The manufacturer-recommended upper limit of normal (ULN) of high-sensitivity cardiac troponin I (hs-cTnI) assays is significantly lower than the hs-cTnI concentration present in patients, according to research published in BMJ.
These data suggest that greater scrutiny is needed in evaluating hs-cTnl levels for excluding or diagnosing acute myocardial infarction (AMI).
A total of 20,000 consecutive inpatients and outpatients (median age, 61 years) from the University Hospital Southampton NHS Foundation Trust in Southampton, United Kingdom, were enrolled in the study. During routine or specific blood testing, concentrations of hs-cTnI were recorded using the Beckman Coulter Access AccuTnI+3 assay. For the purposes of their analysis, researchers analyzed the distribution of hs-cTnI levels in all participants as well as the 99th percentile.
The hs-cTnI ULN quoted by the manufacturer was 40 ng/L compared with the 99th percentile of 296 ng/L. Concentrations of hs-cTnI were higher than the manufacturer-quoted concentration in approximately 1 of 20 patients. When researchers excluded those with a diagnosis of AMI, as well as patients who had hs-cTnI measured for clinical reasons, the investigators observed a 189 ng/L ULN for the 99th percentile. In addition, the 99th percentile was higher for inpatients than it was for outpatients (563 ng/L vs 65 ng/L, respectively).
Patients who were admitted to the emergency department had a 6.07% higher 99th percentile (215 ng/L) compared with the recommended ULN. Independent predictors of patients having a concentration of hs-cTnI greater than the recommended ULN included advancing age (odds ratio [OR], 1.03; 95% CI, 1.03-1.04), male sex (OR, 1.33; 95% CI, 1.14-1.54), and decreasing estimated glomerular filtration rate (OR, 0.98; 95% CI, 0.97-0.98; P <.001 for all).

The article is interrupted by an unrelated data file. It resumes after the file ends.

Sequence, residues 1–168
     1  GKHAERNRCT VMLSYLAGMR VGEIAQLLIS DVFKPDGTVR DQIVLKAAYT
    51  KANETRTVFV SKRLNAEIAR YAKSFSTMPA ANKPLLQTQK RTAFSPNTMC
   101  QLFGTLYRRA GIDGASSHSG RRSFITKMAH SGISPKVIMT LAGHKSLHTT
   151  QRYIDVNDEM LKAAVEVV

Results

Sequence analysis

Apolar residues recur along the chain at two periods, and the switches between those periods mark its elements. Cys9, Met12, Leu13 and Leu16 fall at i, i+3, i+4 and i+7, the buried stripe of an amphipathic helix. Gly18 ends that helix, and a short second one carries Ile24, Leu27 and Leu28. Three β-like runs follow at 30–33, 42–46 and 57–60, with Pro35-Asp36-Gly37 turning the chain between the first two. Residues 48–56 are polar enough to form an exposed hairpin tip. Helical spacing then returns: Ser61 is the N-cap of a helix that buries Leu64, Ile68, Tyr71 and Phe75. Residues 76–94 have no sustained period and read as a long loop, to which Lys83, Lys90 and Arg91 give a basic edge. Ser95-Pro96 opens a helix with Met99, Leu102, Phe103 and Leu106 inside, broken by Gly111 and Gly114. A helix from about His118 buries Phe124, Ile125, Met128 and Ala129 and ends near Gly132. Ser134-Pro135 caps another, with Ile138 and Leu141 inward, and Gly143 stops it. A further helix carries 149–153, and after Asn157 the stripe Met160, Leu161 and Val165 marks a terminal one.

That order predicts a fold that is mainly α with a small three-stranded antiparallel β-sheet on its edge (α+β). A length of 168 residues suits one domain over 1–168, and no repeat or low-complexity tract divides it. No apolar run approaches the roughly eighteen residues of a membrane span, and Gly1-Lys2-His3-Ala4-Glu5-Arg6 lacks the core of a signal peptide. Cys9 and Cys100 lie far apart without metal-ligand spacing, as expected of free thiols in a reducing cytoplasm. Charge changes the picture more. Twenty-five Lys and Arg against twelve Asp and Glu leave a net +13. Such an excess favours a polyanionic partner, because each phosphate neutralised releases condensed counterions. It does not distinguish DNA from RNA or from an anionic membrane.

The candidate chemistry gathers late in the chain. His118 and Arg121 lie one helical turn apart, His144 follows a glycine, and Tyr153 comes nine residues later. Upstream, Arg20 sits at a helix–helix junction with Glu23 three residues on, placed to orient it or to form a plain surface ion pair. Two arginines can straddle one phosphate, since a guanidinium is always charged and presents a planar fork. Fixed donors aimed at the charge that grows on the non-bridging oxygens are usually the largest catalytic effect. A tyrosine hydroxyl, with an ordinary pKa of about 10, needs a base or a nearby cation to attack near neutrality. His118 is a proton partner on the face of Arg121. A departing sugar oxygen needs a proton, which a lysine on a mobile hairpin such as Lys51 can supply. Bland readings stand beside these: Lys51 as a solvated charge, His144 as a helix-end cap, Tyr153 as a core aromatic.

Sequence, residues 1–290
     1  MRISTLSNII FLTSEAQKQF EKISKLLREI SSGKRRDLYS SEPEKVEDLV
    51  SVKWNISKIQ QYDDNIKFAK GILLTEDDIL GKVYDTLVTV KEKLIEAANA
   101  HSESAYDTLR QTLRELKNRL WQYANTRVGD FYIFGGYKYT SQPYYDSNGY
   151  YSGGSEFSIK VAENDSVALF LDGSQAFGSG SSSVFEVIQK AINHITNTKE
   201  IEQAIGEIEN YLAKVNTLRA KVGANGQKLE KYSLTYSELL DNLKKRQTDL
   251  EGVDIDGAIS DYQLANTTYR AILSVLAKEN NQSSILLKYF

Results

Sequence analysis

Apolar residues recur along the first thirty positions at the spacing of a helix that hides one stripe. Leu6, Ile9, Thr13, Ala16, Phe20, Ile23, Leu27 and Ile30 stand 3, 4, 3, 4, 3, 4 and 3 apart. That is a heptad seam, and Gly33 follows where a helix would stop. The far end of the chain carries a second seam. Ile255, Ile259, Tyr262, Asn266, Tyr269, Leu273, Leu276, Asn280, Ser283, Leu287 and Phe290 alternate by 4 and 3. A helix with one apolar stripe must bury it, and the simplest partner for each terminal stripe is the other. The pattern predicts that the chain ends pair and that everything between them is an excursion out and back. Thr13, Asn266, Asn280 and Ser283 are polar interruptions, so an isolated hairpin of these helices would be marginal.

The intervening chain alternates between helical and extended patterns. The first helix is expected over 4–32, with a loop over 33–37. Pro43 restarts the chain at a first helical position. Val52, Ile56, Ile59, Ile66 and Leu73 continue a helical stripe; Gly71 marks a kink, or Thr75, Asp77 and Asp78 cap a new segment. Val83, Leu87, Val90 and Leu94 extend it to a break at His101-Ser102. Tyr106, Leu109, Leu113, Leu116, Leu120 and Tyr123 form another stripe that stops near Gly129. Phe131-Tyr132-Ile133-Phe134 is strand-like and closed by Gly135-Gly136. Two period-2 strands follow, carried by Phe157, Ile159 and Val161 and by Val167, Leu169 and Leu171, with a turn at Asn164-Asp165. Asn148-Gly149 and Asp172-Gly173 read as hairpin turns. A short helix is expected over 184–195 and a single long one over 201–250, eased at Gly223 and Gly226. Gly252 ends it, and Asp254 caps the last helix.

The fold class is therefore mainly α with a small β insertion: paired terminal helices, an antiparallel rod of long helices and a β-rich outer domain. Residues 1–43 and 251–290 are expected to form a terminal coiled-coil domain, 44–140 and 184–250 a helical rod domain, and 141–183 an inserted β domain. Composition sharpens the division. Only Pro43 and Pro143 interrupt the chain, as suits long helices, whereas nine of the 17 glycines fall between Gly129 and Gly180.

Two study limitations included the observational nature of the study as well as the lack of clinical outcomes data.
Findings from this study “highlight the need for clinical staff to interpret hs-cTnI concentrations carefully and systematically when making a diagnosis of acute myocardial infarction, particularly type 1 myocardial infarction,” the researchers concluded.
Disclosures: All authors declared support from Beckman Coulter for the submitted work. Dr Curzen reports the receipt unrestricted research grants, speaker or consultancy fees, and travel sponsorships from several companies. For a complete list of these disclosures, please see the full text of the study.
Mariathas M, Allan R, Ramamoorthy S, et al. True 99th centile of high sensitivity cardiac troponin for hospital patients: prospective, observational cohort study.BMJ. 2019;364:l729.
This article originally appeared on The Cardiology Advisor